Posted on Sep 01, 2015, 6 a.m.
A lack of sustained histone H3K36 methylation that causes cryptic transcription may age cells (yeast model).
Numerous studies suggest that epigenetic mechanisms may control longevity, with aged cells shown to be characterized by incorrect gene expression. Payel Sen, from the University of Pennsylvania (Pennsylvania, USA), and colleagues studied the epigenetic regulation of aging in budding yeast, a single-cell organism. The investigators explain that in yeast, aging is measured by the number of times a mother cell divides to form daughters before it stops. This number -- a mean of 25 divisions -- is under tight control and can be either reduced or increased by altering histone modifications. In the current study, the researchers found that when fewer chemical groups of a certain type attach to yeast histones, the abnormal transcription greatly increases in old cells. In contrast, they observed hat in yeast strains with a certain enzyme deletion, this abnormal transcription is reduced and lifespan is extended by about 30%. Writing that: “Our results reveal that lack of sustained histone H3K36 methylation is commensurate with increased cryptic transcription in a subset of genes in old cells and with shorter life span,” the study authors submit that: “We propose that epigenetic misregulation in aging cells leads to loss of transcriptional precision that is detrimental to life span, and, importantly, this acceleration in aging can be reversed by restoring transcriptional fidelity.”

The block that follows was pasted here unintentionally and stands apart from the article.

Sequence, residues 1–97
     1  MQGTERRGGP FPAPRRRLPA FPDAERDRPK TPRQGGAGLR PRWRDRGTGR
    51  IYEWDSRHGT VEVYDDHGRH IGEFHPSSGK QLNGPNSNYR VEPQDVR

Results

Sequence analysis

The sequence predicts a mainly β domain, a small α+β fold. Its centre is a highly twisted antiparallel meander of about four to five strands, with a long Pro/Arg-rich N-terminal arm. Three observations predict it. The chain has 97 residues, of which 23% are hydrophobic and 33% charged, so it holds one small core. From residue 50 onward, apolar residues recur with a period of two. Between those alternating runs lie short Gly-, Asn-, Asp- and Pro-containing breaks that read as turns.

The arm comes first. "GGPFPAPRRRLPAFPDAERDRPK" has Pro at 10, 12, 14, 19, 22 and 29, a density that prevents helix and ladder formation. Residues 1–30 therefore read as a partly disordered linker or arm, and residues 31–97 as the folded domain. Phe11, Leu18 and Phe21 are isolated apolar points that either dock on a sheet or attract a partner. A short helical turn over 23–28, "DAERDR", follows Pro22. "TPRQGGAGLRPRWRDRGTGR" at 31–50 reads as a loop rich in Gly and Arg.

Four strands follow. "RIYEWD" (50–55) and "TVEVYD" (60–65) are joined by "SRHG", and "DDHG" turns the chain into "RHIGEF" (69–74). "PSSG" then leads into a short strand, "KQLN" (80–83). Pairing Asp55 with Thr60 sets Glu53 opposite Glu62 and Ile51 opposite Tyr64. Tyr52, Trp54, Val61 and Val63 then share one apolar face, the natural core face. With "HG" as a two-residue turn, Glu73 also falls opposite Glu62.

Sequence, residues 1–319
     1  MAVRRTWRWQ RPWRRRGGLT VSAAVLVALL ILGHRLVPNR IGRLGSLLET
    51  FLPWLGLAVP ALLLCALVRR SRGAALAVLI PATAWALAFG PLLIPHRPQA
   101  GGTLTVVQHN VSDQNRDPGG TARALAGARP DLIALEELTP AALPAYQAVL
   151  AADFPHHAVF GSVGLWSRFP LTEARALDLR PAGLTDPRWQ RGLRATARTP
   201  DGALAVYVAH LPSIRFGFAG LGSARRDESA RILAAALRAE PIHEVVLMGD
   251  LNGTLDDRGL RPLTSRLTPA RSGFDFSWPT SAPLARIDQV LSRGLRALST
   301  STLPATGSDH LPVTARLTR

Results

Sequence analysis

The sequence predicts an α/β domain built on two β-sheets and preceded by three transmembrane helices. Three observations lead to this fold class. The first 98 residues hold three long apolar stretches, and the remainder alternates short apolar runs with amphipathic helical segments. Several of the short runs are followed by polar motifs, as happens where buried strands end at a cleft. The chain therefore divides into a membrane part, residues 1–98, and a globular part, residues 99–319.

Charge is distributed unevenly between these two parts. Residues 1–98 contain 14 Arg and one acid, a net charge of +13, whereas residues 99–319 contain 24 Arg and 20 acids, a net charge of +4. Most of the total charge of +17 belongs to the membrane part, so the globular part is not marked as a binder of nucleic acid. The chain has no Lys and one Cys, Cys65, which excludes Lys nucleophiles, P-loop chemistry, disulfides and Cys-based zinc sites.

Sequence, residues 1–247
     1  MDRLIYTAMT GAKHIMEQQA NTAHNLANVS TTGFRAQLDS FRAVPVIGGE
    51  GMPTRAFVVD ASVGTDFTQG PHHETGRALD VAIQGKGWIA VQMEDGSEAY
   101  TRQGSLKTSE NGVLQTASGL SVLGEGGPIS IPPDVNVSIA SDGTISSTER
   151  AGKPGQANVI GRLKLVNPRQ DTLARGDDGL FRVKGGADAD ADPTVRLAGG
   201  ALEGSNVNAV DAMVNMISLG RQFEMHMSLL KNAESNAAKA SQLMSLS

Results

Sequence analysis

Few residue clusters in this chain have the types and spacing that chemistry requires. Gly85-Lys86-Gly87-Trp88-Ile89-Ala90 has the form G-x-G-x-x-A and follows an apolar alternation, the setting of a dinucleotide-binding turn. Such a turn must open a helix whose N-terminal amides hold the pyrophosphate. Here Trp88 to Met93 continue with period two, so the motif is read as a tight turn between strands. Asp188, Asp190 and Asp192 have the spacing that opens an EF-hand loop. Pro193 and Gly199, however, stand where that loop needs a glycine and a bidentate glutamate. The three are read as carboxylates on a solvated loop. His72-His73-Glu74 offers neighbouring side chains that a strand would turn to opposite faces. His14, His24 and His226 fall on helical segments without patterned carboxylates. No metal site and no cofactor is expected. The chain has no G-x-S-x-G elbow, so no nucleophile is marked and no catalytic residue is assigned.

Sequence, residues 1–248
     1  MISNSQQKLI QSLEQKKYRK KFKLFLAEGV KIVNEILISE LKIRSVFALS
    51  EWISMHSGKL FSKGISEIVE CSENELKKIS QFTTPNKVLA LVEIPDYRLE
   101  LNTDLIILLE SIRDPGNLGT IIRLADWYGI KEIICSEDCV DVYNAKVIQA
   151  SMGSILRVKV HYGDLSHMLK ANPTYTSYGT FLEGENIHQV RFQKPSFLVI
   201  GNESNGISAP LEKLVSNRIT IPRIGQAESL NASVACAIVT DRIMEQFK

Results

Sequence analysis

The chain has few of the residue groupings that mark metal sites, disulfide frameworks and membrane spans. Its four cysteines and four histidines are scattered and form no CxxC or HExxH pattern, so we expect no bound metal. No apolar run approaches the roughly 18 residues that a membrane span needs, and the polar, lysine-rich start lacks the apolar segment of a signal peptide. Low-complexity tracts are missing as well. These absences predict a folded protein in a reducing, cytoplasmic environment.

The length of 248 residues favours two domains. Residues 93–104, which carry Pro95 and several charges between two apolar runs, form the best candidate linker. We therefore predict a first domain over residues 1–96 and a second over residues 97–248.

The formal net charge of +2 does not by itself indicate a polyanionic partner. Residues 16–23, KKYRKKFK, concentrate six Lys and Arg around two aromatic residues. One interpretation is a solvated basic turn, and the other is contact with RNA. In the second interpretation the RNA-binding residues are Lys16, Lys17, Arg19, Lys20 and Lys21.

Payel Sen, Weiwei Dang, Greg Donahue, Junbiao Dai, Jean Dorsey, Xiaohua Cao, Wei Liu, Kajia Cao, Rocco Perry, Jun Yeop Lee, Brian M. Wasko, Daniel T. Carr, Chong He, Brett Robison, John Wagner, Brian D. Gregory, Matt Kaeberlein, Brian K. Kennedy, Jef D. Boeke, Shelley L. Berger. “H3K36 methylation promotes longevity by enhancing transcriptional fidelity.” Genes & Development, 2015; 29 (13): 1362-76.